TIMMINS -- As communities grapple with a third provincial lockdown and a second stay-at-home order, Timmins Mayor George Pirie says widespread use of rapid COVID-19 testing could offer some economic and mental relief.

Pirie told CTV that Queen's Park allowed talks around what's known as rapid antigen testing fizzle once vaccines started arriving. But he said its use in businesses and facilities would help prevent the spread of the virus.

"If I make an appointment to get a haircut, I can arrive in that facility with a clean COVID-19 bill of health, if you will," Pirie said. "We can envision a situation that this just becomes standard practice."

The province recently launched a pilot program in the Waterloo region that will give rapid antigen testing kits to small and medium businesses to screen their workers.

Timmins Chamber of Commerce president Melanie Verreault said they are working with the province and the Kitchener-Waterloo and Cambridge chambers of commerce to bring the program to Timmins.

Verreault said talks are ongoing about what the program would look like in this city, but if it's anything like the existing pilot, she said an extra screening measure for workers is something that the whole community needs.

"It gets employees back to work, certainly ensures continuity for productivity and, of course, it reduces strain on families," Verreault said.

Gaining traction around the country

Elsewhere in Canada, businesses and schools are using rapid testing as additional COVID-19 screening measures.

Provinces such as Alberta and Prince Edward Island have launched pilot programs to use rapid testing in airports, with the aim of reducing mandatory quarantine times.

In northeastern Ontario, rapid testing is being used in mining operations and seniors facilities in the city, Pirie said, and so the eventual goal would be to expand that to the rest of the area.

However, France Gelinas, Ontario NDP health critic and Nickel Belt MPP, isn't a fan of widespread use of rapid testing.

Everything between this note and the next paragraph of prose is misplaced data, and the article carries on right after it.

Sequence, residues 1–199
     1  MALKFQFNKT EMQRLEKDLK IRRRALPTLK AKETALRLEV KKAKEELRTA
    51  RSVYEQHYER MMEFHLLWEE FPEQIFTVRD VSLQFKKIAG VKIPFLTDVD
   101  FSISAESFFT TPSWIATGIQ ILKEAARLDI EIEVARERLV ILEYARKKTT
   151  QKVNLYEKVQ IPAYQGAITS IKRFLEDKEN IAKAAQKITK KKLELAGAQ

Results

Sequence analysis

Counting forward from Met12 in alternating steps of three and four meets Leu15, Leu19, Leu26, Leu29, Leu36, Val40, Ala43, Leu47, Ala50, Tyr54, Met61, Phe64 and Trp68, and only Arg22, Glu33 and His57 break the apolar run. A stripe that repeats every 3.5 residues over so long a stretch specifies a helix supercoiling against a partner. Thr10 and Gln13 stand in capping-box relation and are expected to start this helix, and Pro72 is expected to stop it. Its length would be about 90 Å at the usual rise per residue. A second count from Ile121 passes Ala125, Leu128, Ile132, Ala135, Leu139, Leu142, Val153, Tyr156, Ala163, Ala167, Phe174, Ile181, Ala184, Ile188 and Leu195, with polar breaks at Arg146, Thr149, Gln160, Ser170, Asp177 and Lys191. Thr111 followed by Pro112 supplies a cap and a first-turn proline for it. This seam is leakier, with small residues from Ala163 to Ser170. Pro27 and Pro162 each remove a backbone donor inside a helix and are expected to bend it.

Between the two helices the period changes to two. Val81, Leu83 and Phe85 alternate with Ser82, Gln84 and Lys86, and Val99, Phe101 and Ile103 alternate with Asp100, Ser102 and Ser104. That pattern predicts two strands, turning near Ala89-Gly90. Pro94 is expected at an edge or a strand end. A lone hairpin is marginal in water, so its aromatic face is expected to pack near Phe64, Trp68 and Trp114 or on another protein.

For one thing, Gelinas said the lower accuracy of those tests, compared to the 'gold standard' PCR tests, is a major concern for her. Rapid tests can lead to more false negatives and even false positives, which Gelinas feels makes it too risky to rely on as a screening tool.

As well, she said a situation that would require rapid tests as part of daily life would make things unnecessarily inconvenient for northerners, given its 20-minute turnaround time.

"There are some circumstances where it would make sense," said Gelinas. "But do I see people in northern Ontario willing to wait 20 minutes outside of a hardware store before they go buy a new shovel? No."

Gelinas suggested that common use of rapid testing might be more practical in larger cities like Toronto, where people may be more used to waiting for food or services. Though, she noted, the method could be useful at events or situations where an appointment is needed.

A tool in the toolbox

For the Porcupine Health Unit's chief nursing officer, Chantal Riopel, rapid testing can be useful to screen for COVID-19 when used properly — but due to its margin of error, she said it should be an added tool, in conjunction with the current safety measures.

"It's not intended to replace the public health measures or to replace the infection control measures that workplaces have," Riopel said. "It's a screening and not a way of preventing COVID or replacing those public health measures."

For Pirie, every method available to curb the spread of the virus should be used — particularly to prevent further provincial lockdowns that he said his city can no longer handle.

"We have no more money to continue to have more lockdowns," Pirie said. "There's only a certain amount of patience you can ask everybody to have."